Chesa Boudin pointed out that they have in their office a policy to make victim services available, regardless of whether the victim is cooperating with the prosecution.
Kasi Lee pointed out that this is an important policy, otherwise “we would be excluding a lot of victims who need support.”
But also there are other reasons as well.
“Trauma manifests itself in different ways,” Lee said. “Just because a victim isn’t acting like a helpless victim, doesn’t mean that that person is not a true victim of domestic violence.”
Pauletta Perez is a domestic gun violence survivor. Boudin pointed out that the level of violence she survived was particularly horrific and it stands out from a lot of cases his office prosecutes.
“in January, 2010, my husband decided that it was a good day to shoot me,” she said and explained how he shot her four times in the head and one time in the arm. No one had called the police when they heard the shots. “That’s not wanting to be involved with what’s going on with your neighbor.”
She was sitting outside and asked the police if she could get her health care card.
The police told her, “We can’t go in there. A man has a gun.”
At some point at the hospital, they brought her to an office, allowed her to discharge and gave her some bus tokens and wished her well. And there she was, at a bus stop, no identification or anything.
She had to beg a local motel owner to let her stay at the hotel.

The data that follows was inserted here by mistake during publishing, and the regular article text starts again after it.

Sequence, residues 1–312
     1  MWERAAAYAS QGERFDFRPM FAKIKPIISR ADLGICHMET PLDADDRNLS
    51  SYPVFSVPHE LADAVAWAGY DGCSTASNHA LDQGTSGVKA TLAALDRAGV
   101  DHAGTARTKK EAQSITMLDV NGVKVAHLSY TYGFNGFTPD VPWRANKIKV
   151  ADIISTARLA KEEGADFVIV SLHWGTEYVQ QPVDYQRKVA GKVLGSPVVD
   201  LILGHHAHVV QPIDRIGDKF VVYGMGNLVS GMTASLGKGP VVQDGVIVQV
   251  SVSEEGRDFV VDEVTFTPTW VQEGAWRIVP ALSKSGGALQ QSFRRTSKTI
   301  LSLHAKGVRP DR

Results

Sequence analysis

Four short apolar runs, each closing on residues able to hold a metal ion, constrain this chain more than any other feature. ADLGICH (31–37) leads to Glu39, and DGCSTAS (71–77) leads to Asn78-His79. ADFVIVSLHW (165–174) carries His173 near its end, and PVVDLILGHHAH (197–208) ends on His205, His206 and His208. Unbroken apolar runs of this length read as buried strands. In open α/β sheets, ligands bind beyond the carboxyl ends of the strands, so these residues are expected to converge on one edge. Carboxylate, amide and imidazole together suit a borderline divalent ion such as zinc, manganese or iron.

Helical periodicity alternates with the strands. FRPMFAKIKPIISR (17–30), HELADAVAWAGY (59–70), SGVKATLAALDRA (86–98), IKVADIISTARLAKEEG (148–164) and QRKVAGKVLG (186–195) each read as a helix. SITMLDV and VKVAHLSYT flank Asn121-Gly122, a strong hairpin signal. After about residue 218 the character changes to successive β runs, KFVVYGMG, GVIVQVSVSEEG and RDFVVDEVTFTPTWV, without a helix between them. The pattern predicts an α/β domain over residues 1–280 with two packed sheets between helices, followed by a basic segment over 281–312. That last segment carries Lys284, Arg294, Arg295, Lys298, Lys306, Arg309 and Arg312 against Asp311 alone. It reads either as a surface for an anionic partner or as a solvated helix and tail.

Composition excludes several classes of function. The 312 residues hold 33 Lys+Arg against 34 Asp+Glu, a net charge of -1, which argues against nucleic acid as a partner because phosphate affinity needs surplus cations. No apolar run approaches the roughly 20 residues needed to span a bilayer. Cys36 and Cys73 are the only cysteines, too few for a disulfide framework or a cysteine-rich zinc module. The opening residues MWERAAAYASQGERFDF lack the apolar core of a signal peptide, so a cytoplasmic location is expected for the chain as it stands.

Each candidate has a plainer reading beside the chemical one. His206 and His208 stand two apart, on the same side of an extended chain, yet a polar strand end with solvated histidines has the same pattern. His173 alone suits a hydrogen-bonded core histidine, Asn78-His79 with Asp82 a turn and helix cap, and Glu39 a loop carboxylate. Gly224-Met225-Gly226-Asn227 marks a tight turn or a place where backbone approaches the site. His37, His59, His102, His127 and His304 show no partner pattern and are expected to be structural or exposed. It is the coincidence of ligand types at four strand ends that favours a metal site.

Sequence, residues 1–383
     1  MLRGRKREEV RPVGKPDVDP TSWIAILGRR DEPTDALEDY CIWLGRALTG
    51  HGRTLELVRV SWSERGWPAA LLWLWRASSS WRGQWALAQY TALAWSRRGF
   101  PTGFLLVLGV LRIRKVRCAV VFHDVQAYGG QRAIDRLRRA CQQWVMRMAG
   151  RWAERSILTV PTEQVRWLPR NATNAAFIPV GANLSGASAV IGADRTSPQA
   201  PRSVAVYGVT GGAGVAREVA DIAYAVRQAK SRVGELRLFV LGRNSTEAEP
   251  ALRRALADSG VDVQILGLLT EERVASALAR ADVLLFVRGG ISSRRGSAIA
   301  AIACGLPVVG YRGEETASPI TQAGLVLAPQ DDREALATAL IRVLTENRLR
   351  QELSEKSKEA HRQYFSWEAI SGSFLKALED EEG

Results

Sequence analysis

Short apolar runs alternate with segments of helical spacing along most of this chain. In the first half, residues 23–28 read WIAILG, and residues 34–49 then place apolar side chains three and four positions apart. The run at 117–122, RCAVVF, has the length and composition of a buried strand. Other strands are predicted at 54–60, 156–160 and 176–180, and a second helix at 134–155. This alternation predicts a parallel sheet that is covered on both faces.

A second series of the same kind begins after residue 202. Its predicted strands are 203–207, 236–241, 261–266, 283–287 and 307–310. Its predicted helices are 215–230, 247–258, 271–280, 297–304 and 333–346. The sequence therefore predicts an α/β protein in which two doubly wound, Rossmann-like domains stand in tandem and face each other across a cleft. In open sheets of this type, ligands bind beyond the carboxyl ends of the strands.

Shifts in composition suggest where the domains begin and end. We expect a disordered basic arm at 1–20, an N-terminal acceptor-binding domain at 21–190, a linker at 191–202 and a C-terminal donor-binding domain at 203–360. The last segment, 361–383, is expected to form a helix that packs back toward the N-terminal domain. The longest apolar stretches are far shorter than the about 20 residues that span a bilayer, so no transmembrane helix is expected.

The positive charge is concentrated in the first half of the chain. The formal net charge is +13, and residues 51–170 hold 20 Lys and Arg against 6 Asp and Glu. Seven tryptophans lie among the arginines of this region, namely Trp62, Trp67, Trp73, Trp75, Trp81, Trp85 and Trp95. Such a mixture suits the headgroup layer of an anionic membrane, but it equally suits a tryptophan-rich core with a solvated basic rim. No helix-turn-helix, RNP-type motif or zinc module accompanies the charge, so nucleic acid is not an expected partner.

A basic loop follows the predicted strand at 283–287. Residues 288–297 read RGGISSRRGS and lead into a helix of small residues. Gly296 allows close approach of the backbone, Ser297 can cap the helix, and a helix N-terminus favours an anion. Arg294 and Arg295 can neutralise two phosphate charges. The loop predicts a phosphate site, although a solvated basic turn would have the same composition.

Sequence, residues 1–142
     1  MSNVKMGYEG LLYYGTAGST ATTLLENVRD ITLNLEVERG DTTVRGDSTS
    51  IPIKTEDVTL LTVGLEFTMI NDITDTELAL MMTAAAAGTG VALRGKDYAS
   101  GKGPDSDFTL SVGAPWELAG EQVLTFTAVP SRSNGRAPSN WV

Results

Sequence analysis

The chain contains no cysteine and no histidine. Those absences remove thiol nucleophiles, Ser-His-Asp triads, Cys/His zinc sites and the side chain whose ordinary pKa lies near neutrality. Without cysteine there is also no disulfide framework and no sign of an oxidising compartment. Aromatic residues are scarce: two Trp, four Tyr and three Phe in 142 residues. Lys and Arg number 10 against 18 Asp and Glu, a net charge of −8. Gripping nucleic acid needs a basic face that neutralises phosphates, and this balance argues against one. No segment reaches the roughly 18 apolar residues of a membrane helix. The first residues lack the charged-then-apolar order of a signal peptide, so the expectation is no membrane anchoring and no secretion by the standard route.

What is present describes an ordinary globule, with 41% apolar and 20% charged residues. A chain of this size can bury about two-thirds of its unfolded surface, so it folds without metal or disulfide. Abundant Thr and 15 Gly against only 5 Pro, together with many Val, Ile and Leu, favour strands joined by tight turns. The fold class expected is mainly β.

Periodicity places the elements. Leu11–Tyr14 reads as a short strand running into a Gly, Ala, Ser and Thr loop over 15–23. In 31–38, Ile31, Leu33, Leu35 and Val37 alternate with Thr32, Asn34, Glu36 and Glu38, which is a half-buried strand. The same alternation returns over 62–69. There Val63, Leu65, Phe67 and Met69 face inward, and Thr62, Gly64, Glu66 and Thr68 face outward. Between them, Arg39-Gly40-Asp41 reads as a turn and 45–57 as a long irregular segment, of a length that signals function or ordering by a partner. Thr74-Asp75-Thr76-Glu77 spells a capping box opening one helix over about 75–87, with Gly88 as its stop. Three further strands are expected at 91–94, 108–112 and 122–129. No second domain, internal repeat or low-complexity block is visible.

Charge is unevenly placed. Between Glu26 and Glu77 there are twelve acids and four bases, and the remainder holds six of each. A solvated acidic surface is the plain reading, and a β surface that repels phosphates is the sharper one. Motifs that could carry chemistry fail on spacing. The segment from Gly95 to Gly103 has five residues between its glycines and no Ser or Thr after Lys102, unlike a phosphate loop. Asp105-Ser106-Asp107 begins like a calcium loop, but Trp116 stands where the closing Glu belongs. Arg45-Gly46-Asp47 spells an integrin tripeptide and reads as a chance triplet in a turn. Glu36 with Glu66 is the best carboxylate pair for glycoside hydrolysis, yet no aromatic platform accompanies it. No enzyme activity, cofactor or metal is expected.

Her husband ended up in a standoff with police.
“My husband committed suicide later that day after he shot me,” she said. “I guess he was a little worn out from the standoff situation.”
She said, “Everything that happened afterward was directed to me—I needed to heal.”
Pamela Tate is director at Black Women Revolt Against Domestic Violence and spoke about some of the barriers that Black survivors face in San Francisco.
She said it starts with community response and lack thereof, and responses by the police, the first line of defense.
What she noted in particular was “basically how they’re treated when the police do respond to them.”
Blacks, she said, endure the victimizing of the victim.
“Sometimes they get arrested because they fought back,” she said. “People are arrested by accidentally harming someone or killing someone as they are defending themselves and trying to preserve their own lives.”
Children can be removed from the mother even if they are the victim. “That case is put in the mother’s name and that person’s name stays on their case, even if they’re the victim.”
Years later, something else comes up with CPS and they may connect the two cases.
This is a problem because often these victims are financially dependent on the abuser, who is the primary breadwinner.
“So now they’re being penalized for staying and putting their children at risk by staying, but they can also leave, but then also be homeless,” she said. “So isn’t that putting our child at risk as well? It’s like a Catch-22. “